The last time I was in the island nation of the Maldives – nearly 400,000 people scattered among 1,200 tiny islands running south for a thousand miles off the tips of Sri Lanka and India – the place was on edge. It was early in 2005 and the tsunami waves had rushed over the islands just a few weeks before. Fortunately for the Maldives a combination of deep channels running between islands and the sizable coral reefs that surround many of them prevented the giant wave from sweeping its entire population into the sea. Only about 100 people were killed, far fewer than drowned on the coast of Somalia hundreds of miles further west.

I came to report on the post-tsunami impacts for the New York Times and as I wandered among the homes badly cracked by the wave and saw decades-old garbage dumps swept into the sea by waters that rushed over the islands – which rise less than six feet above sea level – everyone was talking about the possibility of another such incident.  “What can we do to prevent the next wave from taking us all,” was the collective concern. “What if there is a second wave coming?”

The Maldives new president is talking louder than any elected official in the world about the need to slow the seas from rising.  He obviously has a vested interest.

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Go Dark

This Saturday, March 28th at 8:30 pm you are invited to participate in Earth Hour – a global event in which tens of millions of people will turn out their lights to make a statement of concern about our planet and climate change, and demonstrate their commitment to finding solutions.


Sponsored by the World Wildlife Fund, Earth Hour started just two years ago and is now the largest event of its kind in the world.  Last year, more than 50 million participated and the lights went out in such notable locations as the Empire State Building, the Golden Gate Bridge, the Sydney Opera House and the Coliseum in Rome.

This year, Earth Hour will be even bigger-already 250 cities in 74 countries have agreed to take part including Atlanta, Chicago, Las Vegas, Los Angeles, Miami and Nashville; around the world cities like Moscow, Hong Kong, Mumbai, Shanghai and Mexico City will turn out their lights.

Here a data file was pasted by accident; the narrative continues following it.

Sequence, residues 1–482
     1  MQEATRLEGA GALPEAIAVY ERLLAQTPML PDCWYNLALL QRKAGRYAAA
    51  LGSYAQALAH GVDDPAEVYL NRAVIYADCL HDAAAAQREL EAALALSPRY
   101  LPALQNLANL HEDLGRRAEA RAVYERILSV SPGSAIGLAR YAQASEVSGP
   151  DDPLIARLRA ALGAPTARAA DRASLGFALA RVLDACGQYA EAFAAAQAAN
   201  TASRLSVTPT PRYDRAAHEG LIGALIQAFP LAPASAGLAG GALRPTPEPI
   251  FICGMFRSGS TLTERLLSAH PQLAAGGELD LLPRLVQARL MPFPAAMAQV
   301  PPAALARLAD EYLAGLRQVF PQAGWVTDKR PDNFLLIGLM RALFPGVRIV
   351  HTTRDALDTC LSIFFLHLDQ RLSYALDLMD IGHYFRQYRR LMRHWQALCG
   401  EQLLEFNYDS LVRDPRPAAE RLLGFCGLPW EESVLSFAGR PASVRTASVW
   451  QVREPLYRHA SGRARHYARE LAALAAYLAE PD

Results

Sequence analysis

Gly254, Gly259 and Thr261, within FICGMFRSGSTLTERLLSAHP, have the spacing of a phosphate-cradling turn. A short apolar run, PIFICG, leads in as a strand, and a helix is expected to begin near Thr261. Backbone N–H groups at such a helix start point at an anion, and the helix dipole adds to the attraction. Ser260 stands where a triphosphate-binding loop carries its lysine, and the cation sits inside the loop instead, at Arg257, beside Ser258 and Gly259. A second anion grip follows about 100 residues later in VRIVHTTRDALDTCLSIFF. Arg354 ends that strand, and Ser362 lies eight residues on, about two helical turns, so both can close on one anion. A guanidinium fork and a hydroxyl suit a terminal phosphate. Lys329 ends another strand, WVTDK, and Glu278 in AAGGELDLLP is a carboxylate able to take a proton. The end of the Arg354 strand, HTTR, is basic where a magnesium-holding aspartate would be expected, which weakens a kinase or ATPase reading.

Register now to be counted among the millions of Earthkeepers going dark on the 28th.  And then tell us – how you plan to spend your Earth Hour?  (G-rated responses only, please – this is a family show.)

Survey Says …

Climate Change In the American Mind is a new study just released by the Yale Project on Climate Change and the George Mason University Center for Climate Change Communication.  Over 2,000 American adults were surveyed for their thoughts on climate change, energy policies, the reality and risks of global warming, and political and consumer activism.  Key takeaways from the study include:

  • 69% of survey participants are convinced global warming is happening
  • 51% believe we have the ability to reduce global warming – but were unsure whether we actually will.
  • Over 90% said the US should act to reduce global warming even if it has economic costs
  • 92% supported more funding for research on renewable energy sources, and 85% supported tax rebates for people buying energy-efficient cars or solar panels.
  • 33% of survey participants said they had rewarded environmentally-responsible companies by buying their products.
  • 48% said they were willing to reward or punish companies for their climate change-related activities … but 68% said they did not know which companies to punish.